This article is by Brian Sherwin, Regular contributing writer for FineArtViews. Brian Sherwin is an art critic, blogger, curator, artist and writer based near Chicago, Illinois. He has been published in Hi Fructose Magazine, Illinois Times, and other publications, and linked to by publications such as The Boston Globe, Juxtapoz Magazine, Deutsche Bank ArtMag, ARTLURKER, Myartspace, Blabbermouth, Milwaukee Journal Sentinel, Modern Art Obsession, Citizen LA, Shark Forum, Two Coats of Paint and Art Fag City. You should submit an article and share your views as a guest author by clicking here.
Why do I suggest that the 'battle' over how 'fair use' is interpreted is NOT about 'creative freedom'? Simple. The issue is an issue due to profit -- and as mentioned earlier, conflicting markets for art. Copyright infringement normally does not become a viable reason for a lawsuit unless profit is involved. In other words, if the copyright offending appropriation artist had exhibited the alleged infringing artwork without prices there would likely not be an issue. Copyright does not necessarily destroy 'creative freedom' depending on how you view it -- it just keeps people from profiting off of the work of others. Point blank -- I feel that some appropriation artists use 'creative freedom' as an attempt to smoke screen the topic of money.
I have supported copyright strongly for nearly eight years now -- and have long warned about what may happen if a wide interpretation of the concept of 'fair use' were to become a legal standard. Corporations would benefit from a wide interpretation of 'fair use' just as much as appropriation artists -- which means we would likely see corporations hijacking the career of any artist creating marketable artwork. The artists would not be able to compete -- it is as simple as that. Market-wise ALL artists would suffer from the lack of copyright protection in that scenario.
We all know that this 'battle' is not over 'creative freedom' -- it is about money. I challenge famous appropriation artists -- such as Shepard Fairey -- to stop romanticizing it as anything else. The M word is an important part of this ongoing debate -- stop denying it (you certainly don't deny it when you check your bank statements). So many questions go unanswered from the upper levels of the appropriation art community... such as, why is it so difficult for some of these artists to simply reach out and collaborate with the creators of the images they desire to use? I can hear the crickets now.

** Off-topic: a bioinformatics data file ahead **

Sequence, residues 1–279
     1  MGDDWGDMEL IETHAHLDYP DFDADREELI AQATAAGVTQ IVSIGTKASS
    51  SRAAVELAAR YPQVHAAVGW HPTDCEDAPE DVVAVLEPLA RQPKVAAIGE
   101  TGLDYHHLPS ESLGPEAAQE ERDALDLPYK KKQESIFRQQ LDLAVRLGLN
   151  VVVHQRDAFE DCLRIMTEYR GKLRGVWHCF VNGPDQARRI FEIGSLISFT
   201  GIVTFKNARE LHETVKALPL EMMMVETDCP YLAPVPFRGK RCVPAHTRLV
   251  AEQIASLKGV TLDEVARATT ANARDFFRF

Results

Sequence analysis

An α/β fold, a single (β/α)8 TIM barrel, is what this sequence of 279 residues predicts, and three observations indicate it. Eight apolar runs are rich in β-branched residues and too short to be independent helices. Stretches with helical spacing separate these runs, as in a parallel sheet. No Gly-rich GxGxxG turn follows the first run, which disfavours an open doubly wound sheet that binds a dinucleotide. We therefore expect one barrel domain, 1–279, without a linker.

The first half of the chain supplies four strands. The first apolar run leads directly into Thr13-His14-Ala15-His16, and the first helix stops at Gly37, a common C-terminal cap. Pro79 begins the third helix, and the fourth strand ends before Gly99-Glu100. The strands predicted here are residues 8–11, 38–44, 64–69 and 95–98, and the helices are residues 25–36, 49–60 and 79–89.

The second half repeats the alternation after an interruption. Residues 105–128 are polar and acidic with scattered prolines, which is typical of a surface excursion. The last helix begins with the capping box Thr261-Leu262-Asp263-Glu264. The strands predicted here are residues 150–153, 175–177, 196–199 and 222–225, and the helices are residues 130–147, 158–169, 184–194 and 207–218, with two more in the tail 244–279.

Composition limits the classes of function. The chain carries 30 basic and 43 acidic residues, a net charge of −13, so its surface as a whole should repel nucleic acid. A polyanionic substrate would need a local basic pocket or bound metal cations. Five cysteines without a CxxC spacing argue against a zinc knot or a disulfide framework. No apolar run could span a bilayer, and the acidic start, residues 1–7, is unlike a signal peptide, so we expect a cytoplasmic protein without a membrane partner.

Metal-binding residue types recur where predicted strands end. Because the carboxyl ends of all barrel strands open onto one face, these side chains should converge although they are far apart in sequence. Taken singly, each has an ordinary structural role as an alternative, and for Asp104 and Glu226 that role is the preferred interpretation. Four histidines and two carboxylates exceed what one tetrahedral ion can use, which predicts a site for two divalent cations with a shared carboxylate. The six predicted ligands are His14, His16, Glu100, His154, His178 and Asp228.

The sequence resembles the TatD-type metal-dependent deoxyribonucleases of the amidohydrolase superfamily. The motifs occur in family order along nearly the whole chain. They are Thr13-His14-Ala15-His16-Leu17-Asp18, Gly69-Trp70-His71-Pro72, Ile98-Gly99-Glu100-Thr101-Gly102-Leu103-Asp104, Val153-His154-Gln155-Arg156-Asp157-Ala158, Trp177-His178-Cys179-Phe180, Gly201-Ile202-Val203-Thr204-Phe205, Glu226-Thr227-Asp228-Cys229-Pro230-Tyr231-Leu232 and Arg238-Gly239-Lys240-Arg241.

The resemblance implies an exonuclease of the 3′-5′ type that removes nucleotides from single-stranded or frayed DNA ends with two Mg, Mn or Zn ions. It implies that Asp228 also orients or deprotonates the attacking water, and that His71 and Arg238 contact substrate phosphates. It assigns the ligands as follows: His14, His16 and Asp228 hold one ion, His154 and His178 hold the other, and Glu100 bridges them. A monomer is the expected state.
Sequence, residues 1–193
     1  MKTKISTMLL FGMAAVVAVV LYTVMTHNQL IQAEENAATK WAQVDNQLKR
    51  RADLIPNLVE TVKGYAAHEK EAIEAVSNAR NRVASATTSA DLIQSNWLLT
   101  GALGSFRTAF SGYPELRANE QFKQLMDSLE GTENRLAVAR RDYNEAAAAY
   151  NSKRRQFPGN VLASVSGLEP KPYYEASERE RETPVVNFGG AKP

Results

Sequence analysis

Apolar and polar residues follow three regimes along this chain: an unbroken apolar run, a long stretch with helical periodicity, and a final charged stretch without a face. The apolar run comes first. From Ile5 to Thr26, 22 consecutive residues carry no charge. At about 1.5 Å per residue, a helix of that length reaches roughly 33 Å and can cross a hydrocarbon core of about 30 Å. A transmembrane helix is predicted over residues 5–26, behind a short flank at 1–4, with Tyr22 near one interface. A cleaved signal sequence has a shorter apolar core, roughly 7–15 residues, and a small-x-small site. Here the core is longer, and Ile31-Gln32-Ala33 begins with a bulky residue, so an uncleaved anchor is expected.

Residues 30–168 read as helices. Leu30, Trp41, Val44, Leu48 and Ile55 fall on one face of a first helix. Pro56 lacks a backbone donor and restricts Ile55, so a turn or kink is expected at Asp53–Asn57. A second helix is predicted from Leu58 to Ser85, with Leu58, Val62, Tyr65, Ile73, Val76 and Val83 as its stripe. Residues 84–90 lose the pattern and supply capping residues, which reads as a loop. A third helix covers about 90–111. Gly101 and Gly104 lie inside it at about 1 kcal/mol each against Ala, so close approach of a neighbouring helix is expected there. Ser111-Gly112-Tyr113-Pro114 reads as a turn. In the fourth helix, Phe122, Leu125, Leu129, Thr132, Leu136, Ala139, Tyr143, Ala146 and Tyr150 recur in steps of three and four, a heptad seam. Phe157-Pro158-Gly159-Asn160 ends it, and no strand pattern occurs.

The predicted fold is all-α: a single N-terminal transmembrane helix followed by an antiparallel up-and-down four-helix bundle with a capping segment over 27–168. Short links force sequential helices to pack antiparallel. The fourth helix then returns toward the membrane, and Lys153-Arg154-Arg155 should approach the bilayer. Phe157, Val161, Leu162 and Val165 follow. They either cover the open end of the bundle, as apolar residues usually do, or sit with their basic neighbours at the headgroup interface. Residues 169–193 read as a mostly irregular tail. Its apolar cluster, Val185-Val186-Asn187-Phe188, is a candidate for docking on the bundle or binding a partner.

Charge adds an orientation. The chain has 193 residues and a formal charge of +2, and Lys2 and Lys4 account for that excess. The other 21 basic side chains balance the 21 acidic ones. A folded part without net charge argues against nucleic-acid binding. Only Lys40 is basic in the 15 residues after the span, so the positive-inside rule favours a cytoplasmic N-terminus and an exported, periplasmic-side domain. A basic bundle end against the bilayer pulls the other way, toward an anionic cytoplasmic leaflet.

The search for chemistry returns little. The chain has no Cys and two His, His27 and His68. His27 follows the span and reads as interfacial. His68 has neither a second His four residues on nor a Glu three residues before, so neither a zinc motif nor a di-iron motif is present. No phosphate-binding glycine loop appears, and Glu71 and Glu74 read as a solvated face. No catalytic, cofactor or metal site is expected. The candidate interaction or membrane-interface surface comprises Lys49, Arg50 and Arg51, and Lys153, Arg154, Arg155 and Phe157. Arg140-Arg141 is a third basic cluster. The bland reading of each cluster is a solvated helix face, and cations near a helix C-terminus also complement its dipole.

In addition to the above question -- why appropriate an image that you view as inferior? I ask that because at court appropriation artists tend to suggest that the infringed image is "not meaningful", has "little value" or was not "needed" overall within the context of their artwork. For example, Shepard Fairey suggested that his poster of Obama could stand on its own without the assistance of the image he used. Appropriation artists ranging from Joy Garnett to Richard Prince have made similar claims when faced with allegations of copyright infringement -- suddenly the appropriated image is not so "important" to the overall piece. De-Appropriation artists have a different take on that. Point blank -- when faced with copyright infringement some appropriation artists downplay the importance of the image they appropriated. Which leads to another question -- if these artists really feel that way why do they appropriate from others in the first place? If you look past the rhetoric it all goes back to the M word -- it is about an unwillingness to collaborate or compensate.
I have a few more questions for the upper levels of the appropriation art community -- why have some of you had your legal teams send out cease-and-desist letters when others appropriate from your images? Does a wide interpretation of 'fair use' only apply to you? Does 'creative freedom' -- as you define it -- only apply to your studio practice? There are so many contradictions. Again, it goes back to the M word -- MONEY... and yet some of these same artists wave the banner of 'creative freedom' when a copyright owner challenges their use of a protected image (which often involves making the copyright owner out to be an opportunist... an appropriation artist calling a copyright owner an "opportunist". Interesting). Sadly, creative freedom has been reduced to a mere smoke screen on this 'battlefield'.
In closing, I've been called "crazy" -- among other things -- for having such extreme support for copyright. I stand by my views -- it is not 'crazy' to think that artists, ALL artists, should have the ability to protect their art market if needed. Thus, I for one hope that copyright wins the battle when everything is said and done -- ALL artists must be able to effectively protect the market for their art... strong copyright offers said protection. The alternatives are not acceptable in my opinion -- weak copyright would allow any wealthy individual or corporation to hijack art that is found to be marketable. Anything marketable would be fair game if a wide interpretation of 'fair use' becomes a legal standard. It would kill the ability an artist has to support himself or herself with art... and thus kill creative output for the majority of artists. More artists are making money from their art today than ever before -- that momentum will be lost if copyright protection is lost. Even the commercially-minded appropriation artists would suffer if you think about it. Indeed -- it is about the money.
Take care, Stay true,